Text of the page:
The Hunt residence, City officials stated, was symbolic of an important stage of Williams’ career and represented his changing ideas of the Ranch House.

“The informality expresses new informal suburban lifestyles in Southern California,” a City staff report stated of the Hunt residence’s unique style combination.

Born in Los Angeles in 1884, Williams’ career began in 1915 and continued through his retirement in 1974. Williams was orphaned at the age of four and raised by a foster mother.

According to City Hall, Williams found an interest in architecture while taking a course on the subject matter at Polytechnic High School.

“He was advised by one of his teachers to rethink his choice of career, as white clients would not consider working with an African-American architect,” a City staff report stated.

Williams decided to continue into the field regardless, studying at the Los Angeles School of Art and Design, the Los Angeles branch of the New York Beaux Arts Institute of Design, and the University of Southern California.

In 1915, before enrolling at USC, Williams reportedly registered as a building designer. Soon thereafter, he reportedly commenced working with speculative developers and executing designs.

Six years later, Williams reportedly became the first licensed African American architect west of the Mississippi River. By 1923, Williams was the first African American to become a member of the AIA.

City officials stated Williams’ work became popular with celebrities and socialites who were moving into Brentwood and surrounding communities in the 1920s and 1930s.

Williams reportedly designed homes for Lucille Ball, Zsa Zsa Gabor, Bill “Bojangles” Robinson, and Frank Sinatra, among others.

Locally, Williams reportedly designed between 50 and 60 homes in Brentwood and Westwood.

Beyond Hollywood and the Westside, Williams also gave back to the African American community, designing the First AME Church, the 28th Street YMCA, and the headquarters for the largest African American-owned insurance company in the western United States, Golden State Mutual Life.

Williams passed away in 1980 at the age of 85.

Hunt commissioned Williams to design the home at 7 Oakmont Drive shortly after her husband, Pioneer Paper Company founder Willis G. Hunt, passed away.

“The architectural practice run by Paul Williams was one of Los Angeles’ major firms, significant for the design of many building types, including public buildings, housing, churches, and hotels. Williams is also significant for the way in which he responded to, mirrored, and adapted his designs to major cultural, technological and demographic trends in Los Angeles,” a City staff report stated.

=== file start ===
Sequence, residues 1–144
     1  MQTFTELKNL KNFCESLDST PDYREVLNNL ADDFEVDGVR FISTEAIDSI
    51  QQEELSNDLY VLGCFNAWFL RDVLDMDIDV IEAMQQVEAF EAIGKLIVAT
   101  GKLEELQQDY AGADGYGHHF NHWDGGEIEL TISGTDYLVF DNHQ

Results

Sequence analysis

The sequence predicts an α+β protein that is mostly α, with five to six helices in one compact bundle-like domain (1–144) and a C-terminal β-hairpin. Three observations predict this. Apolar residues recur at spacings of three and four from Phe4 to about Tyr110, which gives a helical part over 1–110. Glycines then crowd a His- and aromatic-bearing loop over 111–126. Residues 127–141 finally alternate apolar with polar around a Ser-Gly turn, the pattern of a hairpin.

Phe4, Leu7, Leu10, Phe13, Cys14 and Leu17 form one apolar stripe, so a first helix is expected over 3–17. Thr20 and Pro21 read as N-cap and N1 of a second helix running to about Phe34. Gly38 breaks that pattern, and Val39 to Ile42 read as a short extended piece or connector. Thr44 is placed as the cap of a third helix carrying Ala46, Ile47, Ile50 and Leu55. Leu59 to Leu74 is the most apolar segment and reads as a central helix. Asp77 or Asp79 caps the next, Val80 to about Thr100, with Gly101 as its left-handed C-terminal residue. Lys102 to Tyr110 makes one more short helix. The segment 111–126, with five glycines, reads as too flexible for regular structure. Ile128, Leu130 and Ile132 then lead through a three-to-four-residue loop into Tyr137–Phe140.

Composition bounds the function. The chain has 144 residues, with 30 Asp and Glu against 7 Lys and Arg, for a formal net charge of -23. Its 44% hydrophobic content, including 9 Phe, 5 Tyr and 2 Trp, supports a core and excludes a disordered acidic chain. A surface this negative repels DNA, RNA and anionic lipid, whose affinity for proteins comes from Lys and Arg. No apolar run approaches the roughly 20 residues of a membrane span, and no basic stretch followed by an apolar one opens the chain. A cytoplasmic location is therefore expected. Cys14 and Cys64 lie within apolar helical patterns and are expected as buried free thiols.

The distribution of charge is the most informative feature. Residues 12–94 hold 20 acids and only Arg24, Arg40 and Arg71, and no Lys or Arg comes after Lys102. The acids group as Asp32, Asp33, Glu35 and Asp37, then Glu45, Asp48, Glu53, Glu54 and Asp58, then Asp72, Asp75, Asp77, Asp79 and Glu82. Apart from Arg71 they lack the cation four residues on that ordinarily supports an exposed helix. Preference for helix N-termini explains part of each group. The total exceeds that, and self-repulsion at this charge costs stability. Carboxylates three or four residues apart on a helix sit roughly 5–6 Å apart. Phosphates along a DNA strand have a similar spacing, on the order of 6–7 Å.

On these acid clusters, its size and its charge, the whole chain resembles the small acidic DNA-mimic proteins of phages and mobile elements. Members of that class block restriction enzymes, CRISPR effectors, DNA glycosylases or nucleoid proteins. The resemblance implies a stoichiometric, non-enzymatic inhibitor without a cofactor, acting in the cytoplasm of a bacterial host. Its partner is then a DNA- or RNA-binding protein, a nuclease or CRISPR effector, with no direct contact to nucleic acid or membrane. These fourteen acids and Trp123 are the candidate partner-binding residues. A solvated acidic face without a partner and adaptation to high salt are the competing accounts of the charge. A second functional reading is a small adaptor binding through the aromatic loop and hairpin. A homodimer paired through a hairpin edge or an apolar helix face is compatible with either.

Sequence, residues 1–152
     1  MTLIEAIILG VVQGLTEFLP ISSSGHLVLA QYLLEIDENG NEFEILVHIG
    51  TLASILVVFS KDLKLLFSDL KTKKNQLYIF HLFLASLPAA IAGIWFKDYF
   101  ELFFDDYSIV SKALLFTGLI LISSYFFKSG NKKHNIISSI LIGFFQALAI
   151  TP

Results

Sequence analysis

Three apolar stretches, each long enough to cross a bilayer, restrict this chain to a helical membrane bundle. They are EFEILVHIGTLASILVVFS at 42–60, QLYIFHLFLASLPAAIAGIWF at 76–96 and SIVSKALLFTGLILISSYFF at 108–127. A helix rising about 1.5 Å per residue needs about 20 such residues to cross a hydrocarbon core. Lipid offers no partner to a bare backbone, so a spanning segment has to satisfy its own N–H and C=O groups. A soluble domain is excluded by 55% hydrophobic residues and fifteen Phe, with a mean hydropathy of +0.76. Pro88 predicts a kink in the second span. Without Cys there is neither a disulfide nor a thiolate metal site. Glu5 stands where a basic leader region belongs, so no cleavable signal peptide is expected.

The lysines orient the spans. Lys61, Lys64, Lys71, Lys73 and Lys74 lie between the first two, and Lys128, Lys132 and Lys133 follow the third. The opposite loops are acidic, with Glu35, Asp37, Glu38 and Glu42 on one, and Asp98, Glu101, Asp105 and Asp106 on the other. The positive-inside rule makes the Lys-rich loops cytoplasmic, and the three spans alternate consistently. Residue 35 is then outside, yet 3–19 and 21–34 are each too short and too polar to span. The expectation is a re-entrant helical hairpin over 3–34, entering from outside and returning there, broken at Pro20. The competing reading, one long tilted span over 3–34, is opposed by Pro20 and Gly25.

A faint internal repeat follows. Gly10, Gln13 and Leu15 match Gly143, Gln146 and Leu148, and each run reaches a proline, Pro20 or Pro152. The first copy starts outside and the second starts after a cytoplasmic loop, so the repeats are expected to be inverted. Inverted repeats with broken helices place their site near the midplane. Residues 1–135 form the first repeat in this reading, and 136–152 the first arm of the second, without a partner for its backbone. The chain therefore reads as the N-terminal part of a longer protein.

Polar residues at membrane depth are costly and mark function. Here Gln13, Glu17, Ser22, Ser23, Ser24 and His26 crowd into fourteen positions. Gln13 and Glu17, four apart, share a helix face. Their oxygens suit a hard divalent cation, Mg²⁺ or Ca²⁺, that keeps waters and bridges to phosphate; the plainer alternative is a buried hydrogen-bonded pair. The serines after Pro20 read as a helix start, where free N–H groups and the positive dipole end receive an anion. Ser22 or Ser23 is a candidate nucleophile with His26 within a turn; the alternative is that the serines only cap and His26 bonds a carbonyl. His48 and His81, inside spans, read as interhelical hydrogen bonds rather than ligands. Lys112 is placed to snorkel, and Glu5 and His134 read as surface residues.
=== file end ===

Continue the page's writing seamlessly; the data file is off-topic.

City Hall added the Hunt residence needed landmark status in order to prevent future demolition.

“Because of their relatively small size (in terms of today’s real estate market), Ranch Houses In today’s key upscale areas are extremely vulnerable to demolition for larger houses. This threatens the historic record that Ranch Houses represent,” a City staff report stated. “Despite Williams’ significant contributions to the Los Angeles architectural landscape, his extraordinary architectural skill, and his importance as a pioneering African-American architect there is no comprehensive record of extant examples of Williams’ work. Without proper identification, documentation, and recognition, the work of this important architect will continue to be lost.”

Beyond 7 Oakmont Drive, City Hall reports 15 other properties designed by Williams were designated “Historic-Cultural Monuments.”

“The Hunt Residence represents an important aspect of Williams’ work that has not yet been fully recognized,” a City staff report stated.

With the Historic-Cultural status designation, the Hunt residence can begin steps to ensure its preservation.

According to news reports and City Hall, the Hunt residence was in danger of being grazed late last year.

The council’s vote was 11-0-4.